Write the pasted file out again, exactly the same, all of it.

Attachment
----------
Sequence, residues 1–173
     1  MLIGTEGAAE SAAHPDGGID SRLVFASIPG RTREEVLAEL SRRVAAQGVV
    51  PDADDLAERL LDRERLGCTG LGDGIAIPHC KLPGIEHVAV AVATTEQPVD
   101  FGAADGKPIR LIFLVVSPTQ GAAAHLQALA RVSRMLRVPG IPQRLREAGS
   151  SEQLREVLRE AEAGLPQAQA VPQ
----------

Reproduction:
Sequence, residues 1–173
     1  MLIGTEGAAE SAAHPDGGID SRLVFASIPG RTREEVLAEL SRRVAAQGVV
    51  PDADDLAERL LDRERLGCTG LGDGIAIPHC KLPGIEHVAV AVATTEQPVD
   101  FGAADGKPIR LIFLVVSPTQ GAAAHLQALA RVSRMLRVPG IPQRLREAGS
   151  SEQLREVLRE AEAGLPQAQA VPQ